unger and Hazlitt and VD
One point I would like to reiterate from unger’s post is this: “VD totally ignores all returns to capital owners (who, let us note, invest or otherwise spend those gains, and thereby bid up labor in other sectors), and thus he is claiming a net loss of employment where really there is (or at any rate need be, and in an unhampered market, must be) only restructuring. (It is true that said bid-up labor need not be American, but the objection to point 3 applies to this problem as well.)
worth noting, also, that offshoring bids up foreign labor – process cannot proceed to infinity.” (emphasis mine).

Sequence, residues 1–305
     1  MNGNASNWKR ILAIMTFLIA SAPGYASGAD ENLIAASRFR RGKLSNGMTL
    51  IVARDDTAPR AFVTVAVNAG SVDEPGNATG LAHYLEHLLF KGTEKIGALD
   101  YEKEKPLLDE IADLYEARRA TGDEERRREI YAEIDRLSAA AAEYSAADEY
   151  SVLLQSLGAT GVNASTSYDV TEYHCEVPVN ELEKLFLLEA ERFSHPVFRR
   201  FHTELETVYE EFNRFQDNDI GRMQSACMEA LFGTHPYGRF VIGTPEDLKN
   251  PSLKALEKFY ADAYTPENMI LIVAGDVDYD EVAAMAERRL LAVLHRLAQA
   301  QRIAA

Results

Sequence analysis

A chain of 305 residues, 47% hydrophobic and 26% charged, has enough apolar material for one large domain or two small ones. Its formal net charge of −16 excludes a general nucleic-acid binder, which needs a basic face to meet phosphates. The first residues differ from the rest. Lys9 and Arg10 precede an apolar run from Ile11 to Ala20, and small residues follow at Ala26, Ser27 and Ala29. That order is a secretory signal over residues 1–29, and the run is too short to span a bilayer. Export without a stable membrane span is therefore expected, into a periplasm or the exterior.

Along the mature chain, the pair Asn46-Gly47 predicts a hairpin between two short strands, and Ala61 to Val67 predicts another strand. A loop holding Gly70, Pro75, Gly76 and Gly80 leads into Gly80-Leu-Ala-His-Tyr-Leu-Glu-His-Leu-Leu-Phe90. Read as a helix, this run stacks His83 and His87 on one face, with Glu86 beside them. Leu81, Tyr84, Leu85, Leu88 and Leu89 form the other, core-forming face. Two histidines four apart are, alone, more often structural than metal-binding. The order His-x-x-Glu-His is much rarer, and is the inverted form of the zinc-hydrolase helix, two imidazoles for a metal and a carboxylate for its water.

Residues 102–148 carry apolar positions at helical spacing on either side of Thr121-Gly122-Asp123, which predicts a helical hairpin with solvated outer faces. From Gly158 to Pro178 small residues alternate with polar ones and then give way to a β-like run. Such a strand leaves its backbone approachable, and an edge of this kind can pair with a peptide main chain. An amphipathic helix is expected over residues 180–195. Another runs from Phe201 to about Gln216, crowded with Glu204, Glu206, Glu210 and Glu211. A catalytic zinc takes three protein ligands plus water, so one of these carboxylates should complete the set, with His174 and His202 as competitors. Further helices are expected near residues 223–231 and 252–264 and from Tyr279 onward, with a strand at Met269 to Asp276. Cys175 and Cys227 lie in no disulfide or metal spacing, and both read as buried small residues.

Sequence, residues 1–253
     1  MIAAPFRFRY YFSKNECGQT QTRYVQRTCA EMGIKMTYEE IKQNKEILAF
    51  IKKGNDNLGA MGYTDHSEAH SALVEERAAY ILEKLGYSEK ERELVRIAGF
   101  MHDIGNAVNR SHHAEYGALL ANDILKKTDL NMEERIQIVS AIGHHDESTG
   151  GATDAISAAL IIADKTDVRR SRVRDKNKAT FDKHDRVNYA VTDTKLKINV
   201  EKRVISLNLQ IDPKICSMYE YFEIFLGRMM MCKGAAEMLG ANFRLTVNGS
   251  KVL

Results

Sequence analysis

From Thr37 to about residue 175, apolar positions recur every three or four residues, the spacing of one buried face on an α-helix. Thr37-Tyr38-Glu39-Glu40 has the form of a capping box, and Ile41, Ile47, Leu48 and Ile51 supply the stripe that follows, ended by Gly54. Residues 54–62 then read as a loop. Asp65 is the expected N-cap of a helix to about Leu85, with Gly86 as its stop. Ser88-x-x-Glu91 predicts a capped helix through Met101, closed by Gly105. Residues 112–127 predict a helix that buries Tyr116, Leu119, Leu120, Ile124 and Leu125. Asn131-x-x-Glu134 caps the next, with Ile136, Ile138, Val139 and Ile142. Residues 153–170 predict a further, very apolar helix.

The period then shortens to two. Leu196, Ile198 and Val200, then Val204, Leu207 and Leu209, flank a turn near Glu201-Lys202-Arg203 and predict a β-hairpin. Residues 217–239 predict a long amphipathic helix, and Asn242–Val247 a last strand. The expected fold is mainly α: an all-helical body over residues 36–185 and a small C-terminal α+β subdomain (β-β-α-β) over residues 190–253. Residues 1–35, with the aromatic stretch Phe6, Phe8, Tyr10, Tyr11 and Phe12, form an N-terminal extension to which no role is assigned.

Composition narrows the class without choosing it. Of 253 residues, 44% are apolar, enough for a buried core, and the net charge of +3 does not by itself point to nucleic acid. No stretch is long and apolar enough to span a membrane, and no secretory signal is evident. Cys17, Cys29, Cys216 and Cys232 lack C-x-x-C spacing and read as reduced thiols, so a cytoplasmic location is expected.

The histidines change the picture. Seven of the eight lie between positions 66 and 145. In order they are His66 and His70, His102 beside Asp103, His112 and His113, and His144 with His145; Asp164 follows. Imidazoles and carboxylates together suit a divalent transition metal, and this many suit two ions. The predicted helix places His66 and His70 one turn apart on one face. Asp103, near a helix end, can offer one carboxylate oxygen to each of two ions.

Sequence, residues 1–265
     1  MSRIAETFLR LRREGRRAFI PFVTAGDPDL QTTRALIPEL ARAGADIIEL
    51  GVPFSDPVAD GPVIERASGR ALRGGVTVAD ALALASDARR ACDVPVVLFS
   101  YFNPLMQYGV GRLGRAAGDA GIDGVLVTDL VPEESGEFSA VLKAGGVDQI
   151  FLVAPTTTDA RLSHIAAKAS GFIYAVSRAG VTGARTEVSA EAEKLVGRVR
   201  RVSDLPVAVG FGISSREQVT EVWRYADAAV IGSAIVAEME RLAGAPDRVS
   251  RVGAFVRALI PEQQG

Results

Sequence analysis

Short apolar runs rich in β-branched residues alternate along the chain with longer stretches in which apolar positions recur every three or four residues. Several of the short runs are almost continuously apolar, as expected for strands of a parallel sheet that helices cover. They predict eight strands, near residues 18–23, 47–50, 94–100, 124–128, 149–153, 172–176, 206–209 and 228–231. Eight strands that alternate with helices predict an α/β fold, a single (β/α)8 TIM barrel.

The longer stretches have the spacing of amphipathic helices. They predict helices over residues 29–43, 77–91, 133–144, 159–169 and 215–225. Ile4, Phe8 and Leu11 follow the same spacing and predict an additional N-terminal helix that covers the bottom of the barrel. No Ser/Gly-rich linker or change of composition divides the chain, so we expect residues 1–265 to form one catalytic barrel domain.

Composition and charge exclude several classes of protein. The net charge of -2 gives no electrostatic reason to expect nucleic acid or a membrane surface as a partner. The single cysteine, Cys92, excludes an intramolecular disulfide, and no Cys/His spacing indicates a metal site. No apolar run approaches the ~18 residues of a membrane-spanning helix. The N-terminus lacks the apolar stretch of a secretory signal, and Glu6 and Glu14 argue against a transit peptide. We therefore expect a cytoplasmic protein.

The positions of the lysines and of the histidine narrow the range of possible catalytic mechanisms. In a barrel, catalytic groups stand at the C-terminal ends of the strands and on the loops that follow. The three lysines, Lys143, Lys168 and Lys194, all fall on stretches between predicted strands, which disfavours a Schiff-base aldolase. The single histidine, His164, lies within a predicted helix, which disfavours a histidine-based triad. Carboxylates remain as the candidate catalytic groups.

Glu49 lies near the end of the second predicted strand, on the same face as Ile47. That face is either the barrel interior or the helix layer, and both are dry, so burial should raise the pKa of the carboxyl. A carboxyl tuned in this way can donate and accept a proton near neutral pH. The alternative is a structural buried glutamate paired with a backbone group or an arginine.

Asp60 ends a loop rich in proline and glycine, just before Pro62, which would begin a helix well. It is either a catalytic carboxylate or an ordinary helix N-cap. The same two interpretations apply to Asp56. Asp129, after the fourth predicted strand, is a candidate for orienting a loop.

If enough “jobs move overseas”, then foreign workers will be able to bid up the price for their labor, thus making the price for American labor more attractive, and that is just what we’re seeing in the real world:
“It’s a familiar story: A manufacturing company finds its wages too high, looks for ways to cut costs and ends up moving production overseas where the pastures are greener. It happened when some American jobs were outsourced to China. Now it’s happening again –with Chinese jobs fleeing to America.
This trend, known as “reshoring,” has created some 10,000 positions in the United States in the past two years. It’s driven partly — believe it or not — by the rising cost of Chinese labor. And it’s only going to expand.”
The price of labor is not solely the nominal wages of workers; it is the value an employer gets, based on worker productivity. It can be much, much cheaper to hire an American earning $50 an hour than a worker from another nation who makes $3 a day, but is less productive.